Public bodies such as the UN are making use of big data analytics, but they require support from private companies to ramp up programs. | 🕒 3-min read
Businesses are using the vast amounts of data available today to understand and target their customers but they’re not the only ones who can benefit from doing this. If governments are able to analyze information in the same way, they can gain insights into how they are performing, while engaging more effectively with citizens.
One public body starting to take advantage of so-called big data analytics is the United Nations, in order to help meet the 17 sustainable development goals (SDGs).
As part of this, nations such as Afghanistan are using satellite imagery to make population estimates. This gives policymakers a more frequent analysis of population change – which is critical for SDG implementation.
“The census is only taken every 10 years, so this helps governments be more reactive,” says Serge Kapto, policy specialist, data for development, bureau of policy and program support at the United Nations Development Programme (UNDP). “Big data analytics gives you good estimates that can assist in education and health. It also helps to estimate migration, in combination with mobile phone records, by tracking where people are going.”
Meanwhile, mobile applications are helping UN member states to harness data to meet the SDGs. In China, an app has been produced as part of a partnership between the UNDP and internet company Baidu. Available in 22 cities, the app links end users of electronic waste such as TVs or washing machines to relevant recycling companies.
Programs such as these are part of a push among governments to innovate and improve citizen engagement. Among its advantages, this type of approach allows citizens to hold governments to account, as well as enabling more evidence-based policy decisions. “Real time feedback allows governments to be more informed,” Gaya Branderhorst, director at KPMG in the US says.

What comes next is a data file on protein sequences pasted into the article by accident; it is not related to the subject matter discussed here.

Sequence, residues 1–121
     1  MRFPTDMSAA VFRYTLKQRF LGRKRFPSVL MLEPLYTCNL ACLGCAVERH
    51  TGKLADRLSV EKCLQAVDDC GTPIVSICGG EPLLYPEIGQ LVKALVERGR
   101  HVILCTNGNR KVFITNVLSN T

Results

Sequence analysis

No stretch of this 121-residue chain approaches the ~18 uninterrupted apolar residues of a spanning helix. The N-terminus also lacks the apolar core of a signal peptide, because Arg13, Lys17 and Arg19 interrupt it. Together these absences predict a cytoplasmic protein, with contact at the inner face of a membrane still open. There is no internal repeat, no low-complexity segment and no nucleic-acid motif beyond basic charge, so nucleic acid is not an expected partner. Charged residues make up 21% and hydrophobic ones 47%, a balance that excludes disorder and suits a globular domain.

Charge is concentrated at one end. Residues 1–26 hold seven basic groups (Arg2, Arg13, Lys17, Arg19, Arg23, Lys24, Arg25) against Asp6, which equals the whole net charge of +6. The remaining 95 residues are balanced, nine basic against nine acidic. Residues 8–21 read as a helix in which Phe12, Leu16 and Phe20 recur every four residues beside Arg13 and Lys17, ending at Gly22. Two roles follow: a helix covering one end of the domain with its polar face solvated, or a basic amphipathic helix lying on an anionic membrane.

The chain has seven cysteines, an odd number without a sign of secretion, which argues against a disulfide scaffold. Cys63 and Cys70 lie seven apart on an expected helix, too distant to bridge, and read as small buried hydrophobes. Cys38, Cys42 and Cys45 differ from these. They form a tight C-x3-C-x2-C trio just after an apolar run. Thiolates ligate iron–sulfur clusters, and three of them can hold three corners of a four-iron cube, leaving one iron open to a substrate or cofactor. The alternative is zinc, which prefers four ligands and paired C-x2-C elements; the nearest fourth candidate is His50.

But the ambitious SDG agenda poses policy and operational challenges. Among these is access to timely and accurate data, which is an essential part of monitoring the program’s progress and informing policy choices across the 17 goals and 169 targets.
At the same time, because large amounts of data are attractive to hackers, cyber security must be taken into account. The UN is aware of this risk and is currently putting together a set of basic policies to help manage the area.
There is also a need for resources to procure these complex technologies. Those involved say this makes public-private partnerships key to success.
“Governments cannot afford to invest trillions of dollars in this annually,” says Kate Maloney, senior manager, IDAS Institute, KPMG in the US. “This is why it’s important that the private sector puts forward resources to solve these problems. There are plenty of providers developing innovative solutions, but they come at a price.”
This is especially true in developing countries, which will require assistance in areas such as training. Yet ironically, the data opportunity is even bigger in these nations, according to Kapto. “The potential to leapfrog is huge in developing countries. They often have universal mobile coverage so can tap into ways of doing data analytics at a lower cost.”
The motivation by governments to use big data analytics is certainly there, but it is investment and skills within the private sector that will really make the difference. Pilots are already taking place but these will need to reach greater scale to have a wide reaching impact.
“There is lots happening here at HQ and down at country level,” Kapto says. “But we are only now putting in place the tools and partnerships to help us get there. The partnerships are key – there is no way a single stakeholder can do it on their own.”
This content was originally published on the KMPG Partner Zone on the Guardian Public Leaders Network on January 10, 2017.